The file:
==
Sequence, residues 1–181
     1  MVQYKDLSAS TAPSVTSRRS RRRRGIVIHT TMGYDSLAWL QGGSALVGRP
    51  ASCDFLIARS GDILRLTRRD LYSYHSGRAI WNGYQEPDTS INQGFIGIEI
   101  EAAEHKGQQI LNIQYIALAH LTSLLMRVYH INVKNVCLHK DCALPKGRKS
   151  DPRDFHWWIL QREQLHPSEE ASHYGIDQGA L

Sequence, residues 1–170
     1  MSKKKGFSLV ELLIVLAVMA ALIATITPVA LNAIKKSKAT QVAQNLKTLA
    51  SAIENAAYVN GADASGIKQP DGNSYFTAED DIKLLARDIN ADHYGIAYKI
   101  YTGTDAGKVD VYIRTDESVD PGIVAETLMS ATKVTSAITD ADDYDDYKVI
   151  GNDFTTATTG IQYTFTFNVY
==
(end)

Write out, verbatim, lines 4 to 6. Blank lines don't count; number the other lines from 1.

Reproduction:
   101  EAAEHKGQQI LNIQYIALAH LTSLLMRVYH INVKNVCLHK DCALPKGRKS
   151  DPRDFHWWIL QREQLHPSEE ASHYGIDQGA L

Sequence, residues 1–170